Chester

Monthly Online Talks

Here is the archive of talks given online since Covid-19 stopped us meeting in person.

Tuesday Meeting replacements

  • The September online talk was Murder Investigations. An introduction to the world of a Senior Investigating Officer (SIO) in today's police force. Ever watched Morse, Midsomer Murders, or the like? Have you wondered how it is really done in today's police force? Then watch this talk by Simon Price, former SIO and now a Chester University lecturer in Policing. A live webinar, with Q&A, and a recording available for around a month afterwards.
  • The August was What is biodiversity and why do we need it? by Dr Tom Barker of the Centre for Alternative Technology. What can ecosystems teach us about the world? Are species of any practical use? What constitutes ecosystem health and, most importantly, why should we care?
  • The July Monthly Meeting was replaced by this specially commissioned online talk - Forensic Linguistics by Dr Claire Hardaker of Lancaster University. Could you tell who was texting you just by looking at the message itself? If someone said, “I wouldn’t do that if I were you…” would you consider that kindly-meant advice, or a subtle threat? Could you spot a leading question designed to trap you into confessing to something you’ve never done? Is it possible to tell when someone is lying not just about past events, but even about their future intentions? Can we detect psychopaths from their language alone? Is it possible to tamper with someone’s memories simply by talking to them? How much can a short spoken sentence reveal about you? Forensic linguists look at all these questions, and a world of others besides. In this talk, Claire Hardaker will give you an introductory tour of the various topics, from leading questions to lying and pronunciation to plagiarism. You’ll have a chance to test your own skills throughout the talk, and you’ll get pointers to a range of different cases where you can learn more. The link to it will be emailed to everyone beforehand.
  • Our June meeting was Hidden Narratives of Medieval Art - Have you ever wondered about the stories behind objects like the Arnolfini portrait or medieval tapestries? How were they made? Who commissioned them and, more importantly, why? What sort of effort went into producing them? How many men and women were involved? How does the way we 'read' them now contrast with their makers' intentions? Everyday life in the Middle Ages could be very uncertain: you might begin a commission, only to learn that your royal purchaser was no longer around to accept it; payment might be delayed or not made at all; supply chains perhaps slow and unreliable, so why bother to commission medieval art at all? Watch this fascinating talk by Dr Katherine Wilson and find out.
  • Members enjoyed the specially commissioned video talk that replaced the May monthly meeting. We could all watch Jim Holmes talk on the Mongolian Altai on-line. The landscapes were breathtaking and the stories of peoples nomadic lives intriguing. We saw how the United Nations Children's Fund is helping remote communities with a serious education shortage and learn how difficult it is to reach the very far west of this vast country. Visit remote communities that hunt with eagles and drink tea with camels' milk, then travel with herders as they prepare to move to spring pastures, and see how the schools follow them.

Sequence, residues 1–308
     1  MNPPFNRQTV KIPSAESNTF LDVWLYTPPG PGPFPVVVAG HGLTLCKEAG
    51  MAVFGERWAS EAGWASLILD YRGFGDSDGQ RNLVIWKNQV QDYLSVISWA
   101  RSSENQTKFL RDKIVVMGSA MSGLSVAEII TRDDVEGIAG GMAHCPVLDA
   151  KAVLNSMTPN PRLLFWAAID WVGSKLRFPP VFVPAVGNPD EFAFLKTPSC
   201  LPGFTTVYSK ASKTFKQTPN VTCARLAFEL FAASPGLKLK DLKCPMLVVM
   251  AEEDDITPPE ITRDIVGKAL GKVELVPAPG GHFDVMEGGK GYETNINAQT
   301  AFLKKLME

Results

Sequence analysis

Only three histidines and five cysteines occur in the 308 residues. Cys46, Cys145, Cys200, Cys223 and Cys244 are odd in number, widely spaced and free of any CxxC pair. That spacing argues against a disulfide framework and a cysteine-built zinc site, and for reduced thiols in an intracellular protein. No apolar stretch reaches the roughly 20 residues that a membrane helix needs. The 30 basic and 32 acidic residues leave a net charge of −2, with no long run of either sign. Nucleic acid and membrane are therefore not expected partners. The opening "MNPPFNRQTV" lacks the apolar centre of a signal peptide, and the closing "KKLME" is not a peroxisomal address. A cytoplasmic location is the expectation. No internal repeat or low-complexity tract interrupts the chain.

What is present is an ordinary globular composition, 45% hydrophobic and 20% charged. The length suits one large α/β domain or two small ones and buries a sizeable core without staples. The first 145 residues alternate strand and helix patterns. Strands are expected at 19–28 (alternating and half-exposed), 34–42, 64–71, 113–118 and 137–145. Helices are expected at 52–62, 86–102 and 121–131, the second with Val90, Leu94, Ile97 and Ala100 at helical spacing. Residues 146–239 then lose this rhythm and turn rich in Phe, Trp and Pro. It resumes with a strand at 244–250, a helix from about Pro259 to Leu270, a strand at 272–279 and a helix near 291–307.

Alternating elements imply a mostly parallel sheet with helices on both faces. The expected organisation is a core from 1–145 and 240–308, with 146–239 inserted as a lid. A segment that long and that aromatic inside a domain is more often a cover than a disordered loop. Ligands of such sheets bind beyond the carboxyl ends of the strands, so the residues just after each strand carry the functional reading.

Thursday Meeting replacements

  • Our September webinar was The Hidden Life of Trees. Are trees the most successful life form on the planet? Critical for our survival and a model for sustainable living, a force for good across the world's climatic range and a net contributor to the health and well-being of all the other life forms that have flourished and faded over the millennia. Stuart Murray of Chester U3A discusses the wonders and complexities of these essential organisms, and invites you to describe and celebrate your own favourite tree. If there is sufficient interest from members then 'Trees' could form the basis of a short course over the Autumn.
  • Our August Thursday Webinar was on Reptiles. When Chester U3A member Juliet Leadbeater retired from her post as a University Lecturer in Biology, she wanted to continue her research into our wildlife. She now volunteers for Cheshire Wildlife Trust, and is co-ordinating a survey on reptiles locally. So if you want to answers to the following - What is a reptile? How many types are there any in Britain? Where are they found? Why are they important to our ecosystem? How can we tell If numbers are declining? then sign up for our webinar on August 13th at 10:15am.
  • A Festival Rises From The Ashes In July Mal Waite of Chester U3A, and also one of the organisers of Chester Folk Festival, produced a YouTube video of how a team of volunteers organised the Festival this year. This involved getting singers and bands to perform concerts, they also had online morris dancing, mumming, workshops, singarounds, and even a Zoom bar. It was an ambitious project. They proved that the show really must go on. In the video she tells us how it was done, exactly how steep the learning curve was, and what she learned by doing it.
  • For April, May & June our speaker secretary compiled a list of online materials (blogs, videos, podcasts, etc.) that we hope will be of use to members. These links are freely available, and will mostly continue to be so after the month in which they have been sent. We are happy for you to share the links with anyone you think might benefit from them. Click here to see them > Online talks April20, Online talks May20, Online talks June20.